The traffic into Europe through the Arctic, which has involved relatively few Syrians, began late last summer, with more than 5,000 migrants on bicycles suddenly pouring across Russia’s previously tightly controlled northern border into Norway. But that cycle-borne flow ended abruptly on Nov. 30, after the Russian authorities reintroduced tight controls just as Norwegian officials arrived in Moscow for talks on how to stem the flow.

The migrants’ route then shifted southward to Russia’s border with Finland, as Russian guards on roads to two Finnish border crossings stopped blocking travelers without visas.

Finland swiftly banned cycle traffic across its 830-mile border with Russia, allowing only people in cars to cross. This killed a booming market for old bicycles in Russia’s far north but created a new market for cheap and decrepit Russian cars with just enough life left in them to limp across the border to Finland.

Mr. Vuorio said his Russian counterpart had informed him that Russia had more than 11 million foreigners living in its territory, a vast pool of potential migrants to Europe, but added that he doubted Moscow would allow a chaotic flood through sensitive border regions. Criminal gangs, not officials, he added, seem to be largely responsible for managing the scale and direction of migration to Europe through Russia.

He said the last halt in the traffic was not the result of any deal struck by Finnish and Russian officials, who have been engaged in weeks of intensive, high-level discussions. “Our only deal is that we have good relations,” he said, bewildered by the stop-go flow.

But that, said the Defense Committee chairman, Mr. Kanerva, is precisely Russia’s aim — to keep Finland off balance and thus wary of making any move toward NATO or making other decisions that would anger Moscow. Noting that Russia had shown itself adept in Ukraine at so-called hybrid warfare, the use of nonmilitary tools to pursue its goals, he said migrants “are part of a broader strategy.”

“They want to make us nervous and pay attention to their interests,” he added.

Like the conflict in Syria, Europe’s migrant crisis has given Moscow an opportunity to assert itself as an indispensable power that Europe cannot afford to ignore, much less antagonize. When Finland’s president visited Moscow last month, Mr. Putin scolded him over the damage to both Russia and Finland caused by sanctions. The two leaders agreed to bar all but their own citizens and citizens of Belarus at two Arctic border crossings for six months.

While Russian officials have strenuously denied steering migrants toward Europe, the Kremlin has taken thinly disguised delight in Europe’s troubles, particularly those of Chancellor Angela Merkel of Germany, who has dominated European policy toward Russia on sanctions and other matters. State-controlled Russian television has served up a daily diet of migrant-related horror stories, including a false report that migrants had raped a 13-year-old Russian-German girl in Berlin.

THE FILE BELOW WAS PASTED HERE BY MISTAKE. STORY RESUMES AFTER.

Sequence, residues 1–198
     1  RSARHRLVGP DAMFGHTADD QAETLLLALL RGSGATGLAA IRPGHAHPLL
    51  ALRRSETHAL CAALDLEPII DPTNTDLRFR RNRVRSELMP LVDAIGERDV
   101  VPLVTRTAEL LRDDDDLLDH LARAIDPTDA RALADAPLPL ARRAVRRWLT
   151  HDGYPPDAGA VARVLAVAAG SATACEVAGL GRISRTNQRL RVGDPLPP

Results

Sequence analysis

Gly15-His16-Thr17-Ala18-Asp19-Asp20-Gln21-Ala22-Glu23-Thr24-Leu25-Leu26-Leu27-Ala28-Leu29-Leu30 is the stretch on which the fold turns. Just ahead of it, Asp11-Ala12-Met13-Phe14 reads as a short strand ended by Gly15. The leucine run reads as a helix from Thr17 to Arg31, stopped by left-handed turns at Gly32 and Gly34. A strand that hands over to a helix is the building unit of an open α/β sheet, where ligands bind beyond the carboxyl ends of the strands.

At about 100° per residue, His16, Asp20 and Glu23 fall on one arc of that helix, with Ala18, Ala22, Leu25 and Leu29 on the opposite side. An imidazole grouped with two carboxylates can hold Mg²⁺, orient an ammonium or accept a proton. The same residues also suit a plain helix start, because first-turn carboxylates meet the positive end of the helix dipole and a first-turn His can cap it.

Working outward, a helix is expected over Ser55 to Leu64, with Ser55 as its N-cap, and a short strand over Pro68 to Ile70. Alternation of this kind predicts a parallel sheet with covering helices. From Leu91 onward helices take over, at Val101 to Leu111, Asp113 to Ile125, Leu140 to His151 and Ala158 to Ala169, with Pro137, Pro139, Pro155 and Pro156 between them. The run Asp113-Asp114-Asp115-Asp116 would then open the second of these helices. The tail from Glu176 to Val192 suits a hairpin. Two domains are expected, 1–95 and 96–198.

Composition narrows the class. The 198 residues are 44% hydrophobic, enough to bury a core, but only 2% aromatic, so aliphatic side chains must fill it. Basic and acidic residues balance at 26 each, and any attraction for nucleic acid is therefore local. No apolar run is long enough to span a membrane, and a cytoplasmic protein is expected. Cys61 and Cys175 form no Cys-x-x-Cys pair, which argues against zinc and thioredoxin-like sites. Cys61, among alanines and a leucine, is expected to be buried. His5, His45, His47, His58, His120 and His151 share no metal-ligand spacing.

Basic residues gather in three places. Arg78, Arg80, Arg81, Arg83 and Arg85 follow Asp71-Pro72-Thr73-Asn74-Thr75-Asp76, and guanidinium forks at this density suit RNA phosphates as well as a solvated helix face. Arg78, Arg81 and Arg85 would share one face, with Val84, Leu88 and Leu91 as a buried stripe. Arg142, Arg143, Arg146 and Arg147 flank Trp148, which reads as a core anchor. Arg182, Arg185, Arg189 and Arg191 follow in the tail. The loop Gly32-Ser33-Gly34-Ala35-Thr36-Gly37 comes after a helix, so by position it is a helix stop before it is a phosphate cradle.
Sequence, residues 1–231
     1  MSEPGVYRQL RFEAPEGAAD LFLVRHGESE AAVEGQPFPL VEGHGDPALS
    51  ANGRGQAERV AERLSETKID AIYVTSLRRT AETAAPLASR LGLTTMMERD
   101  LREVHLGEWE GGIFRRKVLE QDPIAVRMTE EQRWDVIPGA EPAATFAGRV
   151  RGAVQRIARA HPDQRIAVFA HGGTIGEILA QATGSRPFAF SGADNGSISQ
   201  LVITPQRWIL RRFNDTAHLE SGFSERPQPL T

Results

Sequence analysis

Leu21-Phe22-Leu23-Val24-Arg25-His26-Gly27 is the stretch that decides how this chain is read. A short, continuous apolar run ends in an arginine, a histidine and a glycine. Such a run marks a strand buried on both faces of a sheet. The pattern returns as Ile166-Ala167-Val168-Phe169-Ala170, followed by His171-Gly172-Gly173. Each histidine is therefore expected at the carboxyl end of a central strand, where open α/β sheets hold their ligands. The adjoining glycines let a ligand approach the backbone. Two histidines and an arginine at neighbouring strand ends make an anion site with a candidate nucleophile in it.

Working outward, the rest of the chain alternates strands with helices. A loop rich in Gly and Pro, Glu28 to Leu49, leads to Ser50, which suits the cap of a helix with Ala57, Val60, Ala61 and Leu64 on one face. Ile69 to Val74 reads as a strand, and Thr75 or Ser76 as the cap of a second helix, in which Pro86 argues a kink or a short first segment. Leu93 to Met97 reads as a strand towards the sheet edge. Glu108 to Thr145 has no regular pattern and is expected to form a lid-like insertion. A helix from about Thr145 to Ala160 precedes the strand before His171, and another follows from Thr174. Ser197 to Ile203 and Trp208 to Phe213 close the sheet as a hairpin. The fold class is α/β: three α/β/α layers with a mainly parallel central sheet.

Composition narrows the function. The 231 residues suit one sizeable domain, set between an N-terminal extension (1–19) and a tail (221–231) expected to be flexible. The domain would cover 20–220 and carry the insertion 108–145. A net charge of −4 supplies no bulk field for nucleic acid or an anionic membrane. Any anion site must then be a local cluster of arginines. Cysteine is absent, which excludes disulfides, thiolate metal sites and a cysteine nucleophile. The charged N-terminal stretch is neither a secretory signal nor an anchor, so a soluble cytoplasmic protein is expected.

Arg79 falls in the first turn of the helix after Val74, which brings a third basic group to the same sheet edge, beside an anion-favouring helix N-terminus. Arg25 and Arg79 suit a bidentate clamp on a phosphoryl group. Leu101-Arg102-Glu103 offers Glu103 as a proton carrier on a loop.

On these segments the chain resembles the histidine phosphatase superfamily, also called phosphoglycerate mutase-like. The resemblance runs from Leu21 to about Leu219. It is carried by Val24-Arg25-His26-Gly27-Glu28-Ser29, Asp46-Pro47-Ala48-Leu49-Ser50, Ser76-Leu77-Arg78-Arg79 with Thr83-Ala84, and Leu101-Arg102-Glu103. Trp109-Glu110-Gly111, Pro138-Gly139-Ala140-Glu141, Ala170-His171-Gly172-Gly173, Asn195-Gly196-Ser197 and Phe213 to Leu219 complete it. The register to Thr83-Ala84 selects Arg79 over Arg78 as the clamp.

Mr. Putin, meanwhile, recently hosted visits to Moscow by two of Ms. Merkel’s most vocal critics, President Viktor Orban of Hungary and Premier Horst Seehofer of the German state of Bavaria.

Russia’s military actions in Syria, where the bombing of rebel targets often prompts the flight of civilians nearby, has further added to suspicions, especially in the United States, that Moscow wants to stoke Europe’s migration crisis for political ends.

Speaking to the Senate Armed Services Committee recently in Washington, NATO’s American commander, Gen. Philip M. Breedlove, accused Russia of “deliberately weaponizing migration in an attempt to overwhelm European structures and break European resolve.”

A spokesman for Russia’s Defense Ministry, Maj. Gen. Igor Konashenkov, dismissed General Breedlove’s allegations as absurd, noting that Europe’s refugee crisis began long before Moscow started its military action in Syria on Sept. 30.

The one group that needs no convincing about Russia’s manipulation of the migrant issue is the migrants themselves.

In interviews in Kandalaksha, stranded migrants from West and Central Africa said they had each paid thousands of dollars to “guides” who promised to get them to Finland and who worked closely with Russian officials. The system was highly organized, the migrants said, with no more than 30 people allowed to make the journey to Finland each day. Who went when, and in which vehicle, was established in advance, they said, with the guides and officials drawing up detailed lists with names, departure dates and cars.

“They are all in the same clique: the officials, the hotel people, the drivers. This is their business,” said Honoré Basubte, a young migrant from West Africa who had come to Russia as a student. Like many of the other migrants who traveled to Kandalaksha, he said he had been issued a Russian deportation order before setting out and been told to leave quickly for Europe.

“Now they say we can’t go because the border is closed,” he said. “This is all an ugly game.”

Courtesy: NY Times